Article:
The U.S. Supreme Court decided Granholm v. Heald, a case concerning the direct shipping of wine shipping in 2005. The Court ruled that a state could not prohibit out-of-state wineries from shipping directly to citizens while allowing in-state wineries to do so. The Supreme Court then denied cert on the Brooks v. Vassar case in 2007. However, the issues may be aligning for the Court to take up the issue of state-based alcohol regulation again in 2009. As you can see from the following cert petition, Professor James Tanford has filed a writ of certiorari to the U.S. Supreme Court arguing that the 7th Circuit was wrong to rule for Indiana in Baude v. Heath. Click here for more information on the U.S. Supreme Court appeal for Baude v. Heath.
Update: The Indiana Winegrowers Guild has filed an amicus supporting the cert petition. They argue the “face-to-face” provision burdens Indiana wineries.
Update: The State of Indiana has filed its brief in opposition to Professor Tanford’s cert petition. Besides noting there is no definitive conflict between the federal circuits, the state of Indiana reminds the Supreme Court of its prior holdings that the burden of proof is on the winery to show that the face to face law favor Indiana wineries at the expense of out-of -state wineries. The Indiana brief also reminds of the previous Supreme Court precedent holding that states do not have to guarantee that out -of -state producers have the same economic chances to reach their residents as in-state producers. After all, natural geography imposes costs and burdens of itself and a state legislature is not required to “correct” this advantage an in-state producer may have.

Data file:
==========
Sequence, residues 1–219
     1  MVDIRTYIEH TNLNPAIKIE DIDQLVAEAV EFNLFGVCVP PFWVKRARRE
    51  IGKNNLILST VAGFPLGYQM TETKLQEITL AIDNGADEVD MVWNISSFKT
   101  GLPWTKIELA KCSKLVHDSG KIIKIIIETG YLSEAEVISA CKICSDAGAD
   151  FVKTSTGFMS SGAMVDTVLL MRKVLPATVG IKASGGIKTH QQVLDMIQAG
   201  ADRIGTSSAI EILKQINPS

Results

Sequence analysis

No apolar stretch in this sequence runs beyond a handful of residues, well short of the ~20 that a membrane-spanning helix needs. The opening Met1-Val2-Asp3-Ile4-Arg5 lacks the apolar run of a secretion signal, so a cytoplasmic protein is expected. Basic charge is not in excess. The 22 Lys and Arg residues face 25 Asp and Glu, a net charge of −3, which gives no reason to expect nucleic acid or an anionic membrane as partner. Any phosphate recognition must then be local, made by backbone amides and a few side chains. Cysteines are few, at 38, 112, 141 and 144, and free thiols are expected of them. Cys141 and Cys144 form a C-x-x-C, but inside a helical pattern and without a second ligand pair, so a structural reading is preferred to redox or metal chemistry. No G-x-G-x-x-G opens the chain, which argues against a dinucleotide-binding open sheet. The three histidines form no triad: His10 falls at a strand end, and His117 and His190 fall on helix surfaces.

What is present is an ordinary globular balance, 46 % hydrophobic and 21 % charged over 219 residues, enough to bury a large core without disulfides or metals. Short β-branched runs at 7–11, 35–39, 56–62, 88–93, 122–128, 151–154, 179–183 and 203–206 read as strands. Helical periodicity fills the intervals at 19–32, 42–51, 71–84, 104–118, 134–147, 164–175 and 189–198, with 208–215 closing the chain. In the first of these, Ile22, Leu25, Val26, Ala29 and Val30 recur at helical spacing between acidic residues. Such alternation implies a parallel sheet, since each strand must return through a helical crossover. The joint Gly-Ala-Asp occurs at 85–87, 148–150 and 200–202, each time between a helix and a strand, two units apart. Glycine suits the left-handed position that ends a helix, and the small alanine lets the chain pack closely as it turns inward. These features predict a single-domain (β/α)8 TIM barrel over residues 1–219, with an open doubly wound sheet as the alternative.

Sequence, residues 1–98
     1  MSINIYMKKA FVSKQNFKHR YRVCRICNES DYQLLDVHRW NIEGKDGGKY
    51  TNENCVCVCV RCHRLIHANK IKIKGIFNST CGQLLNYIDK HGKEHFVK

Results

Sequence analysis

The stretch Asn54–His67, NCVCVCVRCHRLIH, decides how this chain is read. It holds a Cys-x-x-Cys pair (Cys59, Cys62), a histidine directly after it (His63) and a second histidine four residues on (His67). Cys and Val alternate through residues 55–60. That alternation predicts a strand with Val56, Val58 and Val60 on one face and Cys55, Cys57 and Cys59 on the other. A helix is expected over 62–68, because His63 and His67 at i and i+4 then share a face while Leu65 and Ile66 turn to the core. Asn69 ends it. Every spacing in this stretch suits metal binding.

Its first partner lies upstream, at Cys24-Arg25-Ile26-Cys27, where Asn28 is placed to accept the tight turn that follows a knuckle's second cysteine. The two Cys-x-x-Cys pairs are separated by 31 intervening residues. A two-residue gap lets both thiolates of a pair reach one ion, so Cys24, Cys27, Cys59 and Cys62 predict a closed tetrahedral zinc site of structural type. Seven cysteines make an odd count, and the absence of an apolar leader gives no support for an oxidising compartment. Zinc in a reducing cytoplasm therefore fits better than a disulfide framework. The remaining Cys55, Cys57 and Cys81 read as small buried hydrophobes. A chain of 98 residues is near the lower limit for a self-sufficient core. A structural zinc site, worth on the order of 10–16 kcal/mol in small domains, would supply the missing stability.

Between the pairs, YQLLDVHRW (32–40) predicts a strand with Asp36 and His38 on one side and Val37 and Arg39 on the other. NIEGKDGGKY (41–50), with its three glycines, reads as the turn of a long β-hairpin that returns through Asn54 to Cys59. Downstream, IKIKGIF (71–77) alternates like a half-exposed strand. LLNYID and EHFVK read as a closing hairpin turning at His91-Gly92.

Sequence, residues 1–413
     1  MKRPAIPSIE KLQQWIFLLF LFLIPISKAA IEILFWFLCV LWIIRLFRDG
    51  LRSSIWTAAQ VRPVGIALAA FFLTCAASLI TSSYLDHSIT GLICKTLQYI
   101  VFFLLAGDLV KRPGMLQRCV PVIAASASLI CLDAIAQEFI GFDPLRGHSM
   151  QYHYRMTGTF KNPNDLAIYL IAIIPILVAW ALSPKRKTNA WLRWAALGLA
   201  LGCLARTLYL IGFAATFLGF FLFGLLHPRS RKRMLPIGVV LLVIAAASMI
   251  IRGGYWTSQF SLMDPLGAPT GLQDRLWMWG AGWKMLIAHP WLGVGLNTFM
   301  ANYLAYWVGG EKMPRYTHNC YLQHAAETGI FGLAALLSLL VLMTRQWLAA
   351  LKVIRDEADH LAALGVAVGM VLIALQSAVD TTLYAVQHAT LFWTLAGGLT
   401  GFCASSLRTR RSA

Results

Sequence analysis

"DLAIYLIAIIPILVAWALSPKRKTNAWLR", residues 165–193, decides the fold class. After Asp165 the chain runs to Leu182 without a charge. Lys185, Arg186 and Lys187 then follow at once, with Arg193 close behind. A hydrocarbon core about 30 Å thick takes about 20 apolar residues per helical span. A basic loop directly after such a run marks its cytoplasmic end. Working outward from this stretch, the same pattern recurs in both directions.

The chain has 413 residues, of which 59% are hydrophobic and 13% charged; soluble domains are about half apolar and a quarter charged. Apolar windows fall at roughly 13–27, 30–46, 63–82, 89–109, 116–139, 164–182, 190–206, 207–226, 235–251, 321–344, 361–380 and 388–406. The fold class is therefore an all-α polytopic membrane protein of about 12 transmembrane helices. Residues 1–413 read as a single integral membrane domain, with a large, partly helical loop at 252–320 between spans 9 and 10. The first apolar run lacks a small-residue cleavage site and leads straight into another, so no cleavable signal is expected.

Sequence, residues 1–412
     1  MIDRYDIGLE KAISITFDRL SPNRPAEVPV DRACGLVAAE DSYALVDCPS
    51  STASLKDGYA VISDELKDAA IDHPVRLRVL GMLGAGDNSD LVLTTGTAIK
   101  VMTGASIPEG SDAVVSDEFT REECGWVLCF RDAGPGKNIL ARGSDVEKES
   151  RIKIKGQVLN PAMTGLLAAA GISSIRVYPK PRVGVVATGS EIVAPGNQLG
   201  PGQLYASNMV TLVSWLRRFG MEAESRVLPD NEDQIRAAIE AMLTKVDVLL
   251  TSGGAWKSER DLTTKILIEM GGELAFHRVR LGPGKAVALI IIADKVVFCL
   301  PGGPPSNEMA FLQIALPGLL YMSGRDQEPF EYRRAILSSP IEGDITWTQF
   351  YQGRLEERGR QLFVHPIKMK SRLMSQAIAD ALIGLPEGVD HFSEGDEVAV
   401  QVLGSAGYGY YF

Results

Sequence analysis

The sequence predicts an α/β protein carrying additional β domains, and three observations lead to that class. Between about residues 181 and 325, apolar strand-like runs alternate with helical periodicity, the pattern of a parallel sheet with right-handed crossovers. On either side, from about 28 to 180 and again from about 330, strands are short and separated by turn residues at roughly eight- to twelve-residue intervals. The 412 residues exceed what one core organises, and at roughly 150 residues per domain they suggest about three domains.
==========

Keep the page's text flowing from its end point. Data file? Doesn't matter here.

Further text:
Unless there are any amicus briefs being filed on the state’s behalf, the U.S. Supreme Court will hopefully meet to consider this cert petition and decide to hear this matter before they recess in June. If they do take this case, it would most likely be part of the next term that starts in October 2009.
Update: Today the U.S. Supreme Court denied cert in Baude v. Heath. This means Indiana’s law requiring alcohol to be purchased in person the first time for remote sales stands. NBWA’s statement on this decision can be reached here.